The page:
With a seaplane on the water, starting an engine in feather can mean an excruciating 15-20 seconds of uncontrollability from the forward thrust of the exhaust, as the propeller slowly moves to the fine pitch setting where reverse is then available.
The tender from the Iron Lady makes its way over to the aircraft for the transfer of passengers and freight. As we unload our mass of boys, beers and bags, a strange floating object passes our view in the distance. As it nears we can make out what it is; a buffalo carcass is being pulled along the river from the incoming tide, followed closely by three hungry crocs. I look at the murky water outside the Mallard’s door only a foot below and hope no one falls in on the transfer!
It is time to head back home, and with a fresh planeload of relaxed and dusty fisherman, the cabin atmosphere is filled with stories of the week’s big catches. Michael is back in position in the nose bay of the aircraft ready to release the mooring. After completing the “Start Checklist”, I fire up the right engine first and once confirmation of a successful start is recognized, Michael releases the mooring line. With thanks to the pitch locks we back away from the boat in an instant. Michael closes up the hatch and puts his yoga skills into practice, curving his body back into the cockpit whilst I start the second engine.
It is now my flying sector, so I get the task of launching this beast into the air. A few radio calls by Michael, a departure brief and completion of the water-takeoff checklist and we’re ready. I hold the column hard back into my chest with full right aileron and right rudder. Leading with the left engine I power up towards the torque red lines, then hand over control of the power levers to Michael with the call of “set power”. In my relatively short aviation career to date, the biggest challenge I’ve had is taming this bucking beast as it fights me onto the step.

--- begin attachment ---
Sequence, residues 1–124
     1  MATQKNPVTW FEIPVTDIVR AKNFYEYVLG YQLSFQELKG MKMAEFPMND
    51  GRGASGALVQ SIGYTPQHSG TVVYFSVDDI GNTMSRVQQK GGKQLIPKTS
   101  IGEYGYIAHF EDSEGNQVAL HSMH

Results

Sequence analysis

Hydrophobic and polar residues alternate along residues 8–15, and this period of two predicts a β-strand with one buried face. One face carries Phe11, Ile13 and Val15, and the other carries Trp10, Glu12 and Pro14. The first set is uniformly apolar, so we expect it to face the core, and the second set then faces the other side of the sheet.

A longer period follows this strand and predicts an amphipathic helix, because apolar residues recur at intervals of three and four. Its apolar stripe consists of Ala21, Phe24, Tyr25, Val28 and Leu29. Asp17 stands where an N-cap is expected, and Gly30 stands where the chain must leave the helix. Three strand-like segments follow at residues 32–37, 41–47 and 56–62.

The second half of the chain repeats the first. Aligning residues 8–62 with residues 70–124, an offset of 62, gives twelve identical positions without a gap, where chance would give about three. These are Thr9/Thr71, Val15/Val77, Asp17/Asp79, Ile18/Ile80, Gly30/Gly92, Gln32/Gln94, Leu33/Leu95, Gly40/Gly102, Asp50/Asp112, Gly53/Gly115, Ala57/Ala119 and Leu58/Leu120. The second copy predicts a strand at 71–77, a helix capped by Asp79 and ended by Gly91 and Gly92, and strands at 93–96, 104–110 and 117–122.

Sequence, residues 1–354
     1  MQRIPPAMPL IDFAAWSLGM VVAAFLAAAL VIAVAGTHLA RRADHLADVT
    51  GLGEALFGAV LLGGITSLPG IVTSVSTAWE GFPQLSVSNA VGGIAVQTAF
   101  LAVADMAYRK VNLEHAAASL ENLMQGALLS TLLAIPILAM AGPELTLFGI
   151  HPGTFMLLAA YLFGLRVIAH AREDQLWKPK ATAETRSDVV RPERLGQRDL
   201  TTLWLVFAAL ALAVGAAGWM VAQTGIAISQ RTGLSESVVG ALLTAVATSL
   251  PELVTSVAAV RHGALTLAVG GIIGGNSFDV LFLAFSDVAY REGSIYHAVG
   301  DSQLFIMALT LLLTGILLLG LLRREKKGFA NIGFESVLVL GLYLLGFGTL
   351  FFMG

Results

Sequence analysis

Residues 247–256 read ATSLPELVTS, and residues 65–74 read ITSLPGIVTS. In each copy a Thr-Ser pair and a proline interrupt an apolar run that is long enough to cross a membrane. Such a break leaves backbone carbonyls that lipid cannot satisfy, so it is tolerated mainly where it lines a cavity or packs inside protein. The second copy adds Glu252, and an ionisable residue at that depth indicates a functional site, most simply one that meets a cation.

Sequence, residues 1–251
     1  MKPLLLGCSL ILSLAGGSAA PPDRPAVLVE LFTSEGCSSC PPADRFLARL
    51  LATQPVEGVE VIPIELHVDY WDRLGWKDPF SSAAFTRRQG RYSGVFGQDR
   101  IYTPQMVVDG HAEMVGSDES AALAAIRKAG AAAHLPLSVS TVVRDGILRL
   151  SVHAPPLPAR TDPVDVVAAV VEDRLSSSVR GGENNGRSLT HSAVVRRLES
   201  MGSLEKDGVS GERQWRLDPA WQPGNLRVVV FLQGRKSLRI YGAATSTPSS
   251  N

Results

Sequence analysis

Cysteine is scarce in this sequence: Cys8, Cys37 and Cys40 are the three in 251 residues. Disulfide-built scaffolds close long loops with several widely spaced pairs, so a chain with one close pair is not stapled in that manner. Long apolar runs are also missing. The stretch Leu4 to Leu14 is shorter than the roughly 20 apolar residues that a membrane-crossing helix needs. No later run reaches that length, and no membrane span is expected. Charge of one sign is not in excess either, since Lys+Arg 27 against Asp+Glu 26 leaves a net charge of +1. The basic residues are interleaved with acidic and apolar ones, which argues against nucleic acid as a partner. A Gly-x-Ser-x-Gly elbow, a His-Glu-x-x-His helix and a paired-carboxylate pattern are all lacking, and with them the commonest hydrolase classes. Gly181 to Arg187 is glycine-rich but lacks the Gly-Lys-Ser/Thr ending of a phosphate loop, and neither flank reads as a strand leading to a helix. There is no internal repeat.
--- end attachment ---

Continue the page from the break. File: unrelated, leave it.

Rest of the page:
As we gain speed, the nose rises up to the sky and at its point of maximum pitch I push the nose forward to commence the transition onto the step. My focus now includes keeping the wings level to stop my floats from digging into the water, as well as maintaining the desired level step attitude, made difficult with the curved nose of the Mallard.
It all seems to have worked out well and when I hear Michael call out our ‘V1’ speed of 83kts for this sector’s given weight, I smoothly but firmly rotate us into the air (‘Vr’ is ‘V1’ plus 2 knots). I capture our ‘V2 plus’ speed to climb us up to our acceleration altitude with a further ascent to 10,000ft to head for home.
Arriving into Darwin, the wind has picked up and unusually swung around to have us landing on runway 29, the only runway with an ILS approach. As the Darwin dry season consists of 7 months of blue skies, we request the full procedure for currency. The ability to fly multi-crew operations in an IFR environment along with the challenging and diverse water work of a flying boat certainly makes this job unique.
I land off the ILS approach and taxi to the hangar. The ground taxi procedure is a captain only duty, not due to Michael’s inability to follow the yellow line, but due to the tiny peg rudder pedals on the co-pilot’s side having no brakes. The addition of ground taxiing was an extra bonus once my command training commenced.
With the passengers safely back into the terminal on their way back to face their mobiles, emails and reality, it’s now time to face our own reality; paperwork and the wash down. I drench fresh water into all the hidey-holes that salt water intrudes whilst Michael takes care of the books. Tomorrow’s flight will be off to one of our pearl farms for a crew change and stores replenishing.
I’m off home now to enjoy what remains of Darwin’s dry season lifestyle, with the blue skies and consistent 32°C weather, combined with overwater sunsets and all food cuisines produced by food vans in an abundance of markets. The wet is nearing however… hand flying around thunderstorms? Bring it on!